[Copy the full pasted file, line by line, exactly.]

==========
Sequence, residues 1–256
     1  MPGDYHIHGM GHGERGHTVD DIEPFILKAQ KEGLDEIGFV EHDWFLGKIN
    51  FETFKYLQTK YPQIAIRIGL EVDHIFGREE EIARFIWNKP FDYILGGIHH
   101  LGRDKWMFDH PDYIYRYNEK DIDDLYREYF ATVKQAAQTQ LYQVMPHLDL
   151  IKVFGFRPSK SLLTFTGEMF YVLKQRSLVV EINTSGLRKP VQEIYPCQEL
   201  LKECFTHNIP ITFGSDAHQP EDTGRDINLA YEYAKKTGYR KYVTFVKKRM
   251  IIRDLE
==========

Sequence, residues 1–256
     1  MPGDYHIHGM GHGERGHTVD DIEPFILKAQ KEGLDEIGFV EHDWFLGKIN
    51  FETFKYLQTK YPQIAIRIGL EVDHIFGREE EIARFIWNKP FDYILGGIHH
   101  LGRDKWMFDH PDYIYRYNEK DIDDLYREYF ATVKQAAQTQ LYQVMPHLDL
   151  IKVFGFRPSK SLLTFTGEMF YVLKQRSLVV EINTSGLRKP VQEIYPCQEL
   201  LKECFTHNIP ITFGSDAHQP EDTGRDINLA YEYAKKTGYR KYVTFVKKRM
   251  IIRDLE